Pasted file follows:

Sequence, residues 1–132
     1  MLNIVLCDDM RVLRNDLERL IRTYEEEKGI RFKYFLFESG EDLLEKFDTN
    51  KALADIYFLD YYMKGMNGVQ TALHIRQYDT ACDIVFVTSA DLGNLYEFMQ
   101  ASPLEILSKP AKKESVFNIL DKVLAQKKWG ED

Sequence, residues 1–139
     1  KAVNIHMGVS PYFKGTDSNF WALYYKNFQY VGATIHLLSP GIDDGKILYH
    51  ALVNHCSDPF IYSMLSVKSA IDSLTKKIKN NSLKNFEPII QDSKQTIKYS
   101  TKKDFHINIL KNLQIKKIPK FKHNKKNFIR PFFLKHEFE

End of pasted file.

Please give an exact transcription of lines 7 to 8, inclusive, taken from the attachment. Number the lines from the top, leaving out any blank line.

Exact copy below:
    51  ALVNHCSDPF IYSMLSVKSA IDSLTKKIKN NSLKNFEPII QDSKQTIKYS
   101  TKKDFHINIL KNLQIKKIPK FKHNKKNFIR PFFLKHEFE